The first topic Donald Trump mentioned when announcing his candidacy for president in June 2015 was China. “They kill us” on trade, he said, and promised to fix that.
Japanese Prime Minister Shinzo Abe is visiting U.S. President Donald Trump this week, their seventh meeting since Trump’s 2016 election victory. Abe was the first foreign leader to meet Trump, and the two countries’ military alliance has helped to sustain peace in East Asia for the past 60 years. This meeting, however, is likely to be more fraught than any others given Trump’s recent slights to the Japanese leader: Trump initially omitted Japan from the list of countries temporarily exempted from new trade tariffs, and didn’t alert Tokyo ahead of his decision to meet with North Korean leader Kim Jong Un.
［２６日 ロイター］ - 米国を除く環太平洋連携協定（ＴＰＰ）の参加１１カ国は先週、離脱した米国抜きで協定を前進させるため、アジア太平洋経済協力会議（ＡＰＥＣ）貿易相会合に合わせてハノイで閣僚会合を開催した。
Eleven American allies and friends met on the sidelines of the Asia-Pacific Economic Cooperation meeting in Hanoi last weekend in an effort to keep alive the Trans Pacific Partnership (TPP), the trade agreement they thought they had locked up with the United States last year. All the countries trade with China, which is not a TPP member, but none wants to be sucked into the China-centric future Beijing is trying to will to life through TPP-ish substitutes like the Regional Comprehensive Economic Program and “One Belt One Road” initiative.
This week’s meeting between U.S. President Donald Trump and Chinese President Xi Jinping probably won’t bring a major breakthrough in U.S.-China relations, which have been strained in recent years by Chinese military aggression, cyber crime and rising trade tensions, among other issues.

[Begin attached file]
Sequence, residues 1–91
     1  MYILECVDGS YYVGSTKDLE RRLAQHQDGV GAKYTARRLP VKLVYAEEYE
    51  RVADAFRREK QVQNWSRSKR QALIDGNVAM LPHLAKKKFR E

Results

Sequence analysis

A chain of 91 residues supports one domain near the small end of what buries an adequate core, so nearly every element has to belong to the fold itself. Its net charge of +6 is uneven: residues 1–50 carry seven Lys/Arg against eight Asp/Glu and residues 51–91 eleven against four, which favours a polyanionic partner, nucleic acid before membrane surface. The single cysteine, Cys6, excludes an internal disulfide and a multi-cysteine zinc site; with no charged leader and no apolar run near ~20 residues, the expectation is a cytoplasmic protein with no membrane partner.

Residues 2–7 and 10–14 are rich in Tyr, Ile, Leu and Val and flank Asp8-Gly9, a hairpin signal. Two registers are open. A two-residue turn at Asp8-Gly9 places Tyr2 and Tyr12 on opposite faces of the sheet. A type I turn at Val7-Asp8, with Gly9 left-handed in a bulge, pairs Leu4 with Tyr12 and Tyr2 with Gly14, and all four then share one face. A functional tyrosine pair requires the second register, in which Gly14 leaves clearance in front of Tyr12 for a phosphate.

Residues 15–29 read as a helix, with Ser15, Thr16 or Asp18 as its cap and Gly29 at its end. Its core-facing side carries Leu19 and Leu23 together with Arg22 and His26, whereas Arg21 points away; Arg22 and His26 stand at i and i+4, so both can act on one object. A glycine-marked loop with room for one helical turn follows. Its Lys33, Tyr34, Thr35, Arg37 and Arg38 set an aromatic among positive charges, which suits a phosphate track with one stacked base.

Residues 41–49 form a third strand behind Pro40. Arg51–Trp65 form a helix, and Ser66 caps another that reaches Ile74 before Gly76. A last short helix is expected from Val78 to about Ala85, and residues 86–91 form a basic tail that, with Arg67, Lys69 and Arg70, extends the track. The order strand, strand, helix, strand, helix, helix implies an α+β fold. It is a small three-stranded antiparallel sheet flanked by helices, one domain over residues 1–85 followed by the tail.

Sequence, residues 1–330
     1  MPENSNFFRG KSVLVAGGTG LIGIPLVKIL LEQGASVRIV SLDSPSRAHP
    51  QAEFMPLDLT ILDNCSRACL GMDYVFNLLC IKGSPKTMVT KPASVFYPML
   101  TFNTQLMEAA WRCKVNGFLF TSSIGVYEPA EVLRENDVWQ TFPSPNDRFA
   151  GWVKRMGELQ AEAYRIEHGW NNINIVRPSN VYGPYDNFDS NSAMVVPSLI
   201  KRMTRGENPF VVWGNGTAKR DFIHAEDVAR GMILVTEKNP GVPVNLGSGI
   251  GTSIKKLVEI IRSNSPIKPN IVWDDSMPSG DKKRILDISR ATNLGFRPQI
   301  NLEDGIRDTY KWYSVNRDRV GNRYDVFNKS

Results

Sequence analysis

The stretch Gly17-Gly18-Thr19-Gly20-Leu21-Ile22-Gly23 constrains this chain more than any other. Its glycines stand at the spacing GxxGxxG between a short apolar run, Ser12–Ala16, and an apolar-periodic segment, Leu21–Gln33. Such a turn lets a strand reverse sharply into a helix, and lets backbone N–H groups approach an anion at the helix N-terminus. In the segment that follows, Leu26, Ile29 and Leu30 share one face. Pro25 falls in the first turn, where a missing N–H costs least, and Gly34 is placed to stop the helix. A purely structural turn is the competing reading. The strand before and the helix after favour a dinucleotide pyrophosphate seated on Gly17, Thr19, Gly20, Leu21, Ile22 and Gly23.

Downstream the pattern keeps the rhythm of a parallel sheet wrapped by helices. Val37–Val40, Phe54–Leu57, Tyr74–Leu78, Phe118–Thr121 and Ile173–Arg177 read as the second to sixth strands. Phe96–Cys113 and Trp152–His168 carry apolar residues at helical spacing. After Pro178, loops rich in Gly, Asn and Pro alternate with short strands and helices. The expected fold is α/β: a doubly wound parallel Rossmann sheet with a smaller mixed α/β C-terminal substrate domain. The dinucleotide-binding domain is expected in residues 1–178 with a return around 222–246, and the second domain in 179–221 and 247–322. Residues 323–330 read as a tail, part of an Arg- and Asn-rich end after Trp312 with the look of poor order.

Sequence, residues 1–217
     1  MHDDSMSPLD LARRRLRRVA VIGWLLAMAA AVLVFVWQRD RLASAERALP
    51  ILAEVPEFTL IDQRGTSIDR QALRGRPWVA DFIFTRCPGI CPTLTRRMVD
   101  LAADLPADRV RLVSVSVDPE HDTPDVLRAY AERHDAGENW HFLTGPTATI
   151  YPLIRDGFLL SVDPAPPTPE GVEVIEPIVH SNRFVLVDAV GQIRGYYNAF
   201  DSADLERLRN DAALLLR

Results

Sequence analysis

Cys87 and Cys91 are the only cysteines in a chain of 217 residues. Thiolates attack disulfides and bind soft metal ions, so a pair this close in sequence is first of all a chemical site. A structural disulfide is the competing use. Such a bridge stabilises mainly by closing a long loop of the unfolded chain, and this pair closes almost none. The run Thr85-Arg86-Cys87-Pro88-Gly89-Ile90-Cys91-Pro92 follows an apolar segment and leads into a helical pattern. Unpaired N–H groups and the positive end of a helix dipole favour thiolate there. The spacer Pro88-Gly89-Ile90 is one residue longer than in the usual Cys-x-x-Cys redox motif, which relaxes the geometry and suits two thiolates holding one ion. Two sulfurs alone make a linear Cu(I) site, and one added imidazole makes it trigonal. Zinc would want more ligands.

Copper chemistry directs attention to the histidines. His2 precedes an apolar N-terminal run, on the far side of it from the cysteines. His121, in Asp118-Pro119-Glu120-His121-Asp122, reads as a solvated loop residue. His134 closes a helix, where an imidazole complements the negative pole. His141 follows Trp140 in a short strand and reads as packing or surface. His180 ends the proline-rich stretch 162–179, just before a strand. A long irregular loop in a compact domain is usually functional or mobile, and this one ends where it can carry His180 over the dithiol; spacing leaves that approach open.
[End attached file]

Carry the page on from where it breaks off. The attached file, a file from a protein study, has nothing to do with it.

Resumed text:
President Donald Trump kept one of his major campaign promises on Monday when he withdrew the United States from the Trans-Pacific Partnership. The ramifications of Trump’s decision are worrisome and, whether or not the withdrawal helps American workers, it would be helpful to U.S. standing in the region if he communicated better, and to a larger audience, exactly what he’s trying to do. I have lived and worked in Asia for 25 years. Feelings of uncertainty about the United States right now are palpable. People want to know what’s going on.
A warning from a travel guide has stayed with me since I started working in Asia 25 years ago. Don’t ever get in a fight in Thailand, where kickboxing is the national sport, the author advised, because locals jumping into the fray don’t care who’s right, they care who’s Thai. I’ve often thought that a white-collar version of that advice would be good for westerners thinking about doing business in mainland China.
For would-be criminals, the arrest of a colleague or a peer at another fund has a more personal, harrowing effect than the takedown of a less-relatable outlier like Steven Cohen.
Anyone who thinks insider trading is victimless need look no further than the painful story of John Kinnucan. Approached at his Oregon home late one afternoon in October 2010 by two FBI agents looking to get him to cooperate in cases against some of his hedge fund clients, he refused and instead went public, loudly, in a battle against what he called the "criminal activities" of federal agents pursuing him. Last month he pleaded guilty to one count of conspiracy and two counts of securities fraud. He will be sentenced in January and faces from 46 to 57 months under his plea arrangement. He has been in jail since February, unable to make $5 million bail.